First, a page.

Clary Funeral Home
3004 West Lake Avenue
Peoria, IL 61614
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Harold Fraley

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Harold Fraley Obituary

EAST PEORIA - Harold V. "Hal" Fraley, 83, of East Peoria passed away at 6:35 a.m. Saturday, Dec. 22, 2012, at Heartland Health Care Center in Henry.

A memorial visitation will be from 3 to 5 p.m. Sunday, Dec. 30, 2012, at Clary Funeral Home, 3004 W. Lake Ave., Peoria.

Hal was born on Nov. 19, 1929, in Champaign, a son of Harold D. and Zelma (Steele) Fraley. He married Marilyn T. Thomas in Peoria on June 14, 1956. She preceded him in death on Dec. 18, 2008, in Peoria. He was also preceded in death by his parents.

He is survived by his daughter, Lynn (Barry Moore) Fraley of Boise, Idaho.

Remembered by longtime friends as a witty conversationalist, Hal loved to debate the "hot-button" topics, blending his wide knowledge of history with the news of the day.

A thorough and skilled writer, he could also strike up a conversation with anyone, two skills ideal for a reporter at the Peoria Journal Star in the late 1950s. His love and respect of solid journalism never faded.

A career switch to the sales promotion department of Caterpillar Inc. allowed him to incorporate his love of travel into his workday routine. During more than 20 years with Caterpillar, he traveled to hundreds of construction job sites throughout the western United States to document the big yellow machines at work and help Caterpillar dealerships communicate product benefits and services to customers.

Hal delighted in driving down blue highways and back roads, crisscrossing western mountains, deserts and coastlines. It became a passion he shared with his family during memorable summer vacations.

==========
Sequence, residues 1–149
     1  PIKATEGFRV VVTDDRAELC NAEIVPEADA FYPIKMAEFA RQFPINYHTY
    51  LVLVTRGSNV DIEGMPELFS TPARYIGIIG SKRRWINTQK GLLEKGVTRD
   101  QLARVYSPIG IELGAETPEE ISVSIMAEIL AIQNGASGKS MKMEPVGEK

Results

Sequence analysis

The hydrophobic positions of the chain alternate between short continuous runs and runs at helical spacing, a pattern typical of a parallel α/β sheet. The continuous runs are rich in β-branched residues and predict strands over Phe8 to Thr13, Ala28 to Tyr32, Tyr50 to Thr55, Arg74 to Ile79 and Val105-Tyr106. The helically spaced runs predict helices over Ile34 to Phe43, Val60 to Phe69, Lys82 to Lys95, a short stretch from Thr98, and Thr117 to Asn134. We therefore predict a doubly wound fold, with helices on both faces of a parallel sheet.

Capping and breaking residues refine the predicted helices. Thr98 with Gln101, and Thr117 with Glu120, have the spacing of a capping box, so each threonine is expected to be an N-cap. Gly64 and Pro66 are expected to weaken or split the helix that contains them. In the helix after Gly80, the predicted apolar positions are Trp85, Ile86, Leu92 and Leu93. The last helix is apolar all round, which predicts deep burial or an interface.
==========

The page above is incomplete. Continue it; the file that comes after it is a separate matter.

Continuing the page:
Later, he devoted the same enthusiasm for meeting people, learning and traveling to the southeastern United States as his Caterpillar territory shifted.

When at home in East Peoria, nothing pleased him more than planting the area around his house with trees, shrubs, rose beds and masses of colorful flowers. Each Mother's Day weekend, he festooned the trees near the front deck with hanging baskets overflowing with blooms. Baby trees were a special weakness. The family property is edged by pine trees, which were first brought into the home as live Christmas trees.

It was a constant temptation for him to collect acorns, nuts and seeds, and then nurture them to become vigorous saplings. The maple tree that shades his daughter's Boise, Idaho, home was given to her by Hal. Now, some 40 feet tall, the tiny twig of a sapling traveled to Idaho on a plane in the overhead bin. An airline attendant commented on the lovely bouquet of autumn leaves . . . no, actually, it was an entire tree.

In later years when winter weather set in, he retreated to his downstairs workspace to paint landscapes.

Hal's love of the outdoors dated back to boyhood summers along the Illinois River near Havana. When talking about his childhood, he made hard times sound idyllic. Reminiscences of adventures with friends had a decidedly Tom Sawyer flavor. This spirit of adventure and patriotic duty stood him in good stead during his military service with the Second Infantry Division, U.S. Army in Japan and Korea. He continued service as Captain Artillery USAR.

In lieu of flowers, the family encourages memorial contributions be made in Hal's memory to the Central Illinois Agency on Aging in Peoria.

Hal's memorial website and online condolences may be accessed at www.ClaryFunerals.com.

Published in Peoria Journal Star on Dec. 29, 2012
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